Saturday, July 05, 2008

A look back at the last outdoor speech

WE'VE MOVED! Democratic Convention Watch is now at

As Oreo noted below, this "give a speech outdoors" thing has been done before - by John F. Kennedy in Los Angeles in 1960. Here are two articles from the NY Times. The first notes the venue was planned more than a year in advance, but it may not have helped (New York Times, PDF-subscription may be required):

Los Angeles, July 15, 1960 - Steps were started a year ago to insure tonight's convention wind-up at the Coliseum a basic audience of about 40,000-leaving 50,000 seats to be filled by spontaneity. [24,000 tickets were given out through local Democratic clubs - and there were 50,000 empty seats - Matt]
The one-night location of the convention's press gallery in the midst of the Coliseum abyss necessitated the revival of the vanishing Morse dot-and-dash telegraph circuits. Technical problems made teleprinter installations difficult.

By almost sacred tradition, press telegraphers amplify the sound of their clickers by wedging Prince Albert tobacco cans into them. The cans can be bent so they give each clicker in a bunch of them a different sound. Occasionally, Edgeworth cans have been used, but their sound is definitely a minority report. So at the last minute, news organizations had the unusual convention chore of rounding up a flock of Prince Albert cans.
The next time we see a blogger complain that the Wi-Fi isn't working somewhere, we'll remind them of how it used to be done!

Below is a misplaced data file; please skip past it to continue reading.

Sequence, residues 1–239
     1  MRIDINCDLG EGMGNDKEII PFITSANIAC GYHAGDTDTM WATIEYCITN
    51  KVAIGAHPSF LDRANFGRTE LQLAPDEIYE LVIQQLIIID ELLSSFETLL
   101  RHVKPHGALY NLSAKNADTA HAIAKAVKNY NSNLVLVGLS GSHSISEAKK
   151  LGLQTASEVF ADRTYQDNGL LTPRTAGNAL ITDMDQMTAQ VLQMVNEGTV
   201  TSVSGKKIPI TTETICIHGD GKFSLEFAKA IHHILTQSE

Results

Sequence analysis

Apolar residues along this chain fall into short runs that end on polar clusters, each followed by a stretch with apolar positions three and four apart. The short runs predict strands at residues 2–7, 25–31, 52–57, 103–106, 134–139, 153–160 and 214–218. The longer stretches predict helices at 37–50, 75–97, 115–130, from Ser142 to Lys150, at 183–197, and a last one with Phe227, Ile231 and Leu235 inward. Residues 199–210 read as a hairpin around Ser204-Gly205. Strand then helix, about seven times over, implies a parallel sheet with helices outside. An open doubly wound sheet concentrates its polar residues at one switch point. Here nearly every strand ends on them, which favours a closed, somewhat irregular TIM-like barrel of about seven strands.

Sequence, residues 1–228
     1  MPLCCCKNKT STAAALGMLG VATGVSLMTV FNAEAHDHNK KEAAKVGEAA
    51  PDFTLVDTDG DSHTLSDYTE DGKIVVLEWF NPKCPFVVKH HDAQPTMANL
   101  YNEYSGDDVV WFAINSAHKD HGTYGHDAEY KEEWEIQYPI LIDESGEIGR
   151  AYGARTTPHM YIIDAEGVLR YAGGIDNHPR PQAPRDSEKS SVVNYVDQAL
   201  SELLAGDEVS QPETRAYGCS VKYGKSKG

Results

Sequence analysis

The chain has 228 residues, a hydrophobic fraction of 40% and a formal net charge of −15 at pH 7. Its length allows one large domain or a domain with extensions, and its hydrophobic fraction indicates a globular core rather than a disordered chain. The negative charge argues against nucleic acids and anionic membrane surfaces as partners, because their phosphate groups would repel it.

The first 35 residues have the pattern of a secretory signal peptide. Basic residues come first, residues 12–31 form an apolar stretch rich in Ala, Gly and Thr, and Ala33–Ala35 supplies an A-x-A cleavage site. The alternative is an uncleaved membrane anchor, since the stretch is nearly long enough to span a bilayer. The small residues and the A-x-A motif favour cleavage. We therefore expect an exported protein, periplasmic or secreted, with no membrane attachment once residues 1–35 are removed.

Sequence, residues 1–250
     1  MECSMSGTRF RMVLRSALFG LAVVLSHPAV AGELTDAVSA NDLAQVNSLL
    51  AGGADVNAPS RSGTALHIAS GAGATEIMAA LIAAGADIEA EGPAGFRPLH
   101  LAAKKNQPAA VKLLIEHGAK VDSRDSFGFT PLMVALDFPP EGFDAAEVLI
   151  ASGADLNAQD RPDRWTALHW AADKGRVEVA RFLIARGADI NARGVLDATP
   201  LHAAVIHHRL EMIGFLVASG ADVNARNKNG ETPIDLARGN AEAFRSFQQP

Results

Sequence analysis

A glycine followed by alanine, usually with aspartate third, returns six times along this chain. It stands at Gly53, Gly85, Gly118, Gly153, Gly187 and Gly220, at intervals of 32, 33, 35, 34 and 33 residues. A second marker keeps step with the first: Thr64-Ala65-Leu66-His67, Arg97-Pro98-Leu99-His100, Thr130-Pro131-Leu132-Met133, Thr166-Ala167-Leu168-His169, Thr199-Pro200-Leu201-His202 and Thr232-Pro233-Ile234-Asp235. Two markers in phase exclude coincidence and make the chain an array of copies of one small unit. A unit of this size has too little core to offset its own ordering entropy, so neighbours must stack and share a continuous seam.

And the overall reviews were not kind: (New York Times, July 15, 1960, PDF-subscription may be required):
Los Angeles, July 15, 1960 - undismayed by the dim notices given their four-day dramatic flop inside the sports arena, the Democrats moved into the Coliseum today, to try their hand at fresh-air vaudeville.

For two and a half hours before the candidates arrived for their acceptance speeches, drum corps, bands, majorettes, movie performers, jazz musicians and comedians performed in a scorching sun on the turf where the Los Angeles Dodgers' outfield normally spends its evenings shagging flies.
The enormous stadium, which seats over 100,000, was little more than half filled when the candidates arrived.
The singing was just ending when a roar ascended from behind home-plate at the far end of the stadium, and in the might champions rode surrounded by their kin.
After they had ridden once around the ballpark to a standing ovation, they were led to their platform seats in the center-field bleachers.